“Save Our Girls” is a Microcosm of a Much Bigger Issue in Nigeria
Historian John Henrik Clarke once said, “Wherever we are on the face of the earth, we are an African people.”
For blacks in America, there has never been any doubt ofwhere we originate, but there has been a disconnect from our native lands of Africa. We watch the ups and downs and challenges that many countries on the African continent face and are helpless to the struggles.
So when news reports come stating that a terrorist group has kidnapped some 200 young ladies in Nigeria it is not only disheartening, but also unbelievable. We automatically think that if that would have happened in the U.S. – law enforcement, the government, media, families, etc. wouldn’t sleep until those girls were returned.
But we know that Nigeria is no United States, but the sad fact is that the African nation should be much morestronger and stabilized. In fact, Nigeria should be an African powerhouse.
It’s a country that is home to Africa’s largest economy and has a population of approximately 175 million. The economy is so strong because of the abundant oil reserves. We know that big oil creates jobs and capital for developing nations.
But despite having the strongest economy in Africa and oil for days, around 100 million people live in poverty. In case your math is a little off – that’s roughly 60 percent of the population. And there have also been times that thegovernment hasn’t been able to keep the lights on.
It doesn’t really add up right? Strong economy, oil reserves, so money shouldn’t be a problem right? Well money isn’t the problem – corruption is the culprit.
“The important thing is not how much money a person makes: it is what he does with it that matters,” said A.G. Gaston, a black businessman. The bible tells us that money is the root of all evil. Corruption is insidious in Nigeria. And like many other developing nations, politics is a popular means of self-enrichment.
Because of civil war, the country has also endured extended military rule, which limits democracy and breeds further corruption.
Public service for many has become personal service. Violence is the country is such a major issue that there are armed checkpoints and high walls surrounding many residential homes and neighborhoods.
And to make matters worse – the country is evenly divided between Christians and Muslims and I am sure that I don’t have to explain how that complicates politics.
Mob violence between Christians and Muslims have added to the instability and caused many deaths in the country – especially in the “Middle Belt” where Muslim majority states border Christian majority states.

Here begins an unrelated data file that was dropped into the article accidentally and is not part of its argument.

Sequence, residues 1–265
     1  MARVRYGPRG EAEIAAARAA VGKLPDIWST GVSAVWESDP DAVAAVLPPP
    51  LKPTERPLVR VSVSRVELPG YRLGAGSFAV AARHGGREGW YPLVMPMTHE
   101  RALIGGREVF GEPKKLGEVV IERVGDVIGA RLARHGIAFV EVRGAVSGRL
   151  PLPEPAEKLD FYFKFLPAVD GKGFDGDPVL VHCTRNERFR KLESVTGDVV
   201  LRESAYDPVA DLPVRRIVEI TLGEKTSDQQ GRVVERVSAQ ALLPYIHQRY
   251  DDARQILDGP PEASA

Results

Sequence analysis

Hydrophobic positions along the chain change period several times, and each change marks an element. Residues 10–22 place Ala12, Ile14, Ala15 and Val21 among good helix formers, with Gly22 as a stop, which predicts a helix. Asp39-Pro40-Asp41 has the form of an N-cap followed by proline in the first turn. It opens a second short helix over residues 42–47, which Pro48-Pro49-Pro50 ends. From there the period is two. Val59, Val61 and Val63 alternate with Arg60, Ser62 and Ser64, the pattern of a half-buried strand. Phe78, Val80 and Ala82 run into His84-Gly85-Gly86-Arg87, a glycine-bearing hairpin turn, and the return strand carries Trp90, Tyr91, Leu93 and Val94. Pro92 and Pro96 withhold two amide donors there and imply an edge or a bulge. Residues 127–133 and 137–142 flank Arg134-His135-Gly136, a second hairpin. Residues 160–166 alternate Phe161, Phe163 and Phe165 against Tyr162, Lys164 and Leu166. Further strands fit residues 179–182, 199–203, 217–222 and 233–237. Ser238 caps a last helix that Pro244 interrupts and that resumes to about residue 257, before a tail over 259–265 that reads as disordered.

So why the foreign affairs briefing on Nigeria? Well, it’s important that we put the “Save Our Girls” movement in context.
How do we save our girls if they are in country with great financial resources, but limited political will and ability? It is not like it’s a secret about who took the girls – Boko Haram, an Islamic extremist group.
They have been at reeking havoc on the country for years. We are focusing on the young ladies that were kidnapped, but they have attacked other schools and killed dozens of young men as well. According to NATO, they have also attacked police stations, churches, newspaper offices, busterminals, etc. They don’t seem to discriminate.
According to various sources, Boko Haram began more than a decade ago, but started as more of a civil rights group and later turned to violence and terrorism after its leader was killed in government custody in 2009. By the way, the name is loosely translated as non-Muslim education is prohibited.
The most important question that most are asking is what is the Nigerian government doing to find these girls and stop this extremist group?
Well, the obvious answer is not enough. And many fear that it might be too little too late because the girls have probably been shipped off to neighboring countries by now.The region where BH operates is a remote area mixed with heavy jungles and mountains.
What the kidnapping has done is highlighted the dysfunction and utter failure of President Goodluck Jonathan’s government. Reports coming out of Africa say that not only did the military have some warning of a pending attack, but they also did very little stop it and their response of lacking.
Initially, the government did not even acknowledge the kidnapping, and they even had the nerve to reject offers for foreign assistance.
To use my favorite Cornell West quote – “I am a prisoner of hope.” I refuse to believe that we can’t save these girls. If not all – as many as possible.
But this can’t be just about the girls – it’s also about a nation that should be leading all of Africa not stuck in the quagmire of corruption and chaos. It’s not time for anothercoup d’état – it’s time for holistic government reform in Nigeria.
Bring back our girls and save what should be a great nation on the continent of Africa.
Signing off from Duval County, FL